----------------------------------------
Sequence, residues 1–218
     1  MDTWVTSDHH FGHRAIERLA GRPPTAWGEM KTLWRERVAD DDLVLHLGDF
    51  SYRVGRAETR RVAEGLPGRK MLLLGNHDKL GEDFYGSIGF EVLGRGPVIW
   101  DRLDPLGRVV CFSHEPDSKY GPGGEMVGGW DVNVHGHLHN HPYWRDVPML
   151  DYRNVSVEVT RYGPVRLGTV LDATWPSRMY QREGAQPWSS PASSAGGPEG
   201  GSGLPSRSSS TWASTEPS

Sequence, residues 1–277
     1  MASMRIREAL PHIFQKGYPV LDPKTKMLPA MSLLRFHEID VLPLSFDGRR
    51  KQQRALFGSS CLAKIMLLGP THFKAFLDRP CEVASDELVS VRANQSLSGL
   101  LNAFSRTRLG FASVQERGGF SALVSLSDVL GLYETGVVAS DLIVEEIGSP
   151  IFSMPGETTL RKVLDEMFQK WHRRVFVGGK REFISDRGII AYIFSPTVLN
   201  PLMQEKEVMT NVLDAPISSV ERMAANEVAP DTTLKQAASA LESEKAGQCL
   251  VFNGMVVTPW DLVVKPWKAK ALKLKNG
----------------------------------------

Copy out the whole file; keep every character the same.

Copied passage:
Sequence, residues 1–218
     1  MDTWVTSDHH FGHRAIERLA GRPPTAWGEM KTLWRERVAD DDLVLHLGDF
    51  SYRVGRAETR RVAEGLPGRK MLLLGNHDKL GEDFYGSIGF EVLGRGPVIW
   101  DRLDPLGRVV CFSHEPDSKY GPGGEMVGGW DVNVHGHLHN HPYWRDVPML
   151  DYRNVSVEVT RYGPVRLGTV LDATWPSRMY QREGAQPWSS PASSAGGPEG
   201  GSGLPSRSSS TWASTEPS

Sequence, residues 1–277
     1  MASMRIREAL PHIFQKGYPV LDPKTKMLPA MSLLRFHEID VLPLSFDGRR
    51  KQQRALFGSS CLAKIMLLGP THFKAFLDRP CEVASDELVS VRANQSLSGL
   101  LNAFSRTRLG FASVQERGGF SALVSLSDVL GLYETGVVAS DLIVEEIGSP
   151  IFSMPGETTL RKVLDEMFQK WHRRVFVGGK REFISDRGII AYIFSPTVLN
   201  PLMQEKEVMT NVLDAPISSV ERMAANEVAP DTTLKQAASA LESEKAGQCL
   251  VFNGMVVTPW DLVVKPWKAK ALKLKNG